4 minute read

It’s been said before that debugging code is like “solving a mystery” and that develoers should “debug like a detective”. I recently ran into a situation where I had to put on my best Deerstalker (it’s the hat Sherlock Holmes wears) and debug why an application wasn’t running.

What follows are the steps we had performed (not all of them) when trying to figure out why a Java application wasn’t running. Keep in mind that although the tech stack itself (Java, WebSphere, and Db2) isn’t very exciting these days, the priciples used to figure out why things weren’t working are still very relevant.


At any sufficiently large organization, admitting you have any sort of passing knowledge on a topic means that you’re now the go-to expert for all questions about that topic. I interned on the WebSphere team more than a decade ago, so it’s ineviable that I get the occaisional Slack DM asking me to look at something WebSphere related.

This time the problem was the two maintainers of an internal application had left IBM and no one was tagged to keep it up and running. The application itself was your basic three-tier applcation that used an LDAP for authentication. It was mature, in use for years, well defined in terms of scope, and was running with minimal maintenance and changes for years. But now it was offline.

To solve this mystery I was given the bare minimum of details. A hostname to a RHEL VM, the root user’s password, and a link to the source code on GHE. With plenty to fix and not a lot to go on, we assembled a team (John Walicki and David Carew) to go about getting this application up and running.

Could not start or stop the server

The first thing we tried to do was to restart the application server. After all, “Have you tried turning it off and on again?” is the best advice. But that resulted in an error asking for the application server’s credentials, which we definitely didn’t have.

./bin/stopServer oss -profileName Node01 

ADMN0022E: Access denied for the stop operation on Server oss due 
to insufficient or empty credentials.

To get around this issue we first killed the running Java processes:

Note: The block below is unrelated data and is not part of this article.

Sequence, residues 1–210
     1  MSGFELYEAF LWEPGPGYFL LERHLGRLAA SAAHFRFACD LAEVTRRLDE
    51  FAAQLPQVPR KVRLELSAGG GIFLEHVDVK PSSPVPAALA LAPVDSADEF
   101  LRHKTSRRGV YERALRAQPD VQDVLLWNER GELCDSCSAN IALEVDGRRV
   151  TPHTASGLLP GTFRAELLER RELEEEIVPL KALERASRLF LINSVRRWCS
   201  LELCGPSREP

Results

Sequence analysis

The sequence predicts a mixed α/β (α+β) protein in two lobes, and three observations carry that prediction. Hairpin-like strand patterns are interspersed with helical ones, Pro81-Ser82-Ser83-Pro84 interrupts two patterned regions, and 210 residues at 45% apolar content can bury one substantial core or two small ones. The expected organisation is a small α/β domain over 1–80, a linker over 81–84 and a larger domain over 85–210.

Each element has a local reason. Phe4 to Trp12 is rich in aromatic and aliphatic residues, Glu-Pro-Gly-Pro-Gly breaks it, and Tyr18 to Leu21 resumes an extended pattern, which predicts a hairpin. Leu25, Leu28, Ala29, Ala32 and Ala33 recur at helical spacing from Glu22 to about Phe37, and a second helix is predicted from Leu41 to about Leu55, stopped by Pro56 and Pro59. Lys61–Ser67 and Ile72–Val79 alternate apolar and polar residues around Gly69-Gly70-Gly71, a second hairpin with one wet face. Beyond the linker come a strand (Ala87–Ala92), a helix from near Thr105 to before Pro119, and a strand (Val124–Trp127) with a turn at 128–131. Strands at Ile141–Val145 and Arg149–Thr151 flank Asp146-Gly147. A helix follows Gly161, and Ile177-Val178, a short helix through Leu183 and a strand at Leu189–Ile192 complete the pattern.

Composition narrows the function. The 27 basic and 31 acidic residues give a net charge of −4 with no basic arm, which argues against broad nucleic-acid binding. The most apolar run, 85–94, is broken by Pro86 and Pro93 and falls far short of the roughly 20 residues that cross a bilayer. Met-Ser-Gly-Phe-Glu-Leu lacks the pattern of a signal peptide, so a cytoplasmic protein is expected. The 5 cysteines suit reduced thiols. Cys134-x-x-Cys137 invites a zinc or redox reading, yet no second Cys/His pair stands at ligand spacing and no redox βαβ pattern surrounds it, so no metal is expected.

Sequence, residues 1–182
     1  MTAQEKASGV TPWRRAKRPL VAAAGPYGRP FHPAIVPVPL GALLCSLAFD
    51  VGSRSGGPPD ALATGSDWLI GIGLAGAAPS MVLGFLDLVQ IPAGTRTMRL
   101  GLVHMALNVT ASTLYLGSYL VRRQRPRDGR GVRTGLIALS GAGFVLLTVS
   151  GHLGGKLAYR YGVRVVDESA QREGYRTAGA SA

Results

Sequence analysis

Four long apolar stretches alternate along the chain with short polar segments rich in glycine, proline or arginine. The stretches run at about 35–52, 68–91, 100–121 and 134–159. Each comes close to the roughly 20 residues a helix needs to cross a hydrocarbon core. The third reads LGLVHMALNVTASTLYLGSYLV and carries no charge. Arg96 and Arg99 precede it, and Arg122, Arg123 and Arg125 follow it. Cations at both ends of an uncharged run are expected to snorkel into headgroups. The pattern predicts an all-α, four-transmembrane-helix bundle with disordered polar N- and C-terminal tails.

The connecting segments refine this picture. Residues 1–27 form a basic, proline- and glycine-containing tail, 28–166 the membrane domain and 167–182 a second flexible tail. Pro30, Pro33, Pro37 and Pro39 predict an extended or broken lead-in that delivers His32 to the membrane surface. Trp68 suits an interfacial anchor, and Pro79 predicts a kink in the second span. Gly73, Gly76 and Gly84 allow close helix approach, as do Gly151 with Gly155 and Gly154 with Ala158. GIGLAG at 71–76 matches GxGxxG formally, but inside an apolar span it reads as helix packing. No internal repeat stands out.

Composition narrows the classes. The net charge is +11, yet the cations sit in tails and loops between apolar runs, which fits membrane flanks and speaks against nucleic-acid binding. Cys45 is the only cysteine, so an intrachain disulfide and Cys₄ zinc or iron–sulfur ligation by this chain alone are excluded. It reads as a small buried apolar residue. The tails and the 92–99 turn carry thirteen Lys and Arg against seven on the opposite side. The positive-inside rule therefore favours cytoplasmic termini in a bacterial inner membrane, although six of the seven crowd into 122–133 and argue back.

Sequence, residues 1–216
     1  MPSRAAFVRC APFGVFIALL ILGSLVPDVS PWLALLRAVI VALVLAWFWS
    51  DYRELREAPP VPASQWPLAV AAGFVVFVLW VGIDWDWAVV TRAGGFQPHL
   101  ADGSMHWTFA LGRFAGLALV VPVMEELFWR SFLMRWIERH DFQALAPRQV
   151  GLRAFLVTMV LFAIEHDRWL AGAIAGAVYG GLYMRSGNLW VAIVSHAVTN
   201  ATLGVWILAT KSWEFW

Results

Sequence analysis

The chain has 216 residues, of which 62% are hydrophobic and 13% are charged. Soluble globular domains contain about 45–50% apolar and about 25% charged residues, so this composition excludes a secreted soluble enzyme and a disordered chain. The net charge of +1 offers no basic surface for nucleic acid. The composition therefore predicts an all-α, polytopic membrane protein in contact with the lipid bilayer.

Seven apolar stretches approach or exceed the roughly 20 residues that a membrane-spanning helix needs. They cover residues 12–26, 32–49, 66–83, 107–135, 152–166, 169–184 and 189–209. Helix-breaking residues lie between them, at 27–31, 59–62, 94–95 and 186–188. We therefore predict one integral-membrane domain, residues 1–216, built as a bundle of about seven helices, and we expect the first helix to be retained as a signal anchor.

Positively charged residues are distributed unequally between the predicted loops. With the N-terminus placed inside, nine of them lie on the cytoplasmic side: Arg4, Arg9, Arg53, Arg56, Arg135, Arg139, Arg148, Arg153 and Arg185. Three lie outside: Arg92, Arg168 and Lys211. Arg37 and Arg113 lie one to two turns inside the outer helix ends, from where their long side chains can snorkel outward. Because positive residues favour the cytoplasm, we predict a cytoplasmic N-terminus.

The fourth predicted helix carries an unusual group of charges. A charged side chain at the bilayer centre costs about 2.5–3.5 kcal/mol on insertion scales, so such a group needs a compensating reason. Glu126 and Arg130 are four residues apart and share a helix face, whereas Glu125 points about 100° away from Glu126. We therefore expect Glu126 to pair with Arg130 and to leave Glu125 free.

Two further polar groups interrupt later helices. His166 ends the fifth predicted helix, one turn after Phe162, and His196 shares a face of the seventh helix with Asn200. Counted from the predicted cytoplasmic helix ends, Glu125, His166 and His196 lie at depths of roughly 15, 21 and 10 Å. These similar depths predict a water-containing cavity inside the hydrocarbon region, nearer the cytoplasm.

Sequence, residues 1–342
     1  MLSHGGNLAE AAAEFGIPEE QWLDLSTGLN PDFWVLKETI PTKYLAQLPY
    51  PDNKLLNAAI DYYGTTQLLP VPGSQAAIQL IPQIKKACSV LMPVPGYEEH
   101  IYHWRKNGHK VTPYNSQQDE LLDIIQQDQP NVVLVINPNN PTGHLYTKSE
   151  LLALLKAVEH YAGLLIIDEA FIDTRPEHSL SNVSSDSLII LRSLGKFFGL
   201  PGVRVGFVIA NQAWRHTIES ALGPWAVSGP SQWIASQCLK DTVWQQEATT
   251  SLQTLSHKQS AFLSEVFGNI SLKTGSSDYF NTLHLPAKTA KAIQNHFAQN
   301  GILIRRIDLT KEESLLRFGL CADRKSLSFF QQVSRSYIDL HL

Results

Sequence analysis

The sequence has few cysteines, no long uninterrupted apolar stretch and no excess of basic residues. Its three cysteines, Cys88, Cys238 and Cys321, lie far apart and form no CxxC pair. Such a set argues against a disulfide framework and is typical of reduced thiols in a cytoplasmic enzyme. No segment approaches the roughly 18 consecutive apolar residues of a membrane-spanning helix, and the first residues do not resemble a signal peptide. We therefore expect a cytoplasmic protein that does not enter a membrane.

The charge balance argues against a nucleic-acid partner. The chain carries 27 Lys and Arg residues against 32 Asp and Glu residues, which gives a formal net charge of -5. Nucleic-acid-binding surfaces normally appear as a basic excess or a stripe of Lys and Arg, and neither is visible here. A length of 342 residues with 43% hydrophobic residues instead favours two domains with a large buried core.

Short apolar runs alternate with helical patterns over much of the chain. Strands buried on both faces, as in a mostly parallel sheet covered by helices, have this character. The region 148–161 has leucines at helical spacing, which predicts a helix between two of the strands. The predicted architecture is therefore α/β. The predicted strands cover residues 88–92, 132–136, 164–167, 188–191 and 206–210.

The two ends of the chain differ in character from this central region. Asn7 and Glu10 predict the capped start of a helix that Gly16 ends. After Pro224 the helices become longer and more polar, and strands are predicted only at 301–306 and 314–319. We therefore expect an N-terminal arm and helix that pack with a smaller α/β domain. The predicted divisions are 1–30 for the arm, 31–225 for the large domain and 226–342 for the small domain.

$ ps -aef | grep java

And then followed this support doc to turn off WebSphere security. The gist of which is below.

NOTE Obviously this is a terrible idea in a production application. We re-enabled security soon after.

$ cd $WAS_HOME
$ ./bin/wsadmin.sh -conntype NONE
$ wsadmin> securityoff()
$ wsadmin> exit

Now the application was starting, yay! But accessing the application in our browser immediately caused stacktraces in our logs and the frontend wasn’t acually responding properly. We weren’t done yet.


Application was loading but not working

Looking at the browser’s console showed a pretty minimal log message:

Unable to load /oss/HTMLTemplates.action status: 500

The backend logs were much more useful. The application was bombing in our source code and throwing up an NPE error.

E com.opensymphony.xwork2.util.logging.commons.CommonsLogger error Exception occurred during processing request: null
        at com.ibm.oss.action.HTMLTemplates.execute(HTMLTemplates.java:22)

Looking at the source code showed that the Java was trying to create a File object based on a value in a properties file.

public String execute() {
	// set up the method
	for (File file : new File(getText("oss.templates.location")).listFiles()) {
		// do more stuff here
	// finish the method

Looking at the properties file it was using a relative path to a folder. We tried a few different values but none were working. We ended up using an absolute path.

# Application configuration strings.

With that done our application was loading correctly and we could log in! But we couldn’t see panels that were administrators could typically see. Dang! We tried to find where in the code the administrators were defined by scanning the source code and luckily found a snippet that indicated that it was coming from the database, not an environment variable or in the code. So we had to look at the database… who doesn’t love Db2! (I had never used Db2 before.)

Flipping a bit in Db2

To connect to Db2 we had a little bit of luck. The password for the default superuser db2admin was the same as the root password. Yikes!

$ db2> connect to ossa user db2admin using 'mySuperSecretPassword!'

I also learned that to list all tables you can run something like the command below. Otherwise by default you’ll only see tables that the user has access to.

$ db2> list tables for all

We saw that there was a USERS table and noticed that there was a column called ADMIN… that seemed like a good spot to update! So we went ahead and updated our user IDs.

$ db2> update USERS set ADMIN=CHAR('y') where UID='123456789'

And with that, our application was finally working properly! We definitely let out a big Hurrah when nothing was bombing out.

The big takeaway here for me is that as a software developer you need to be able to understand error messages, determine what is likely causing them, and though the tech may change, the approach shouldn’t.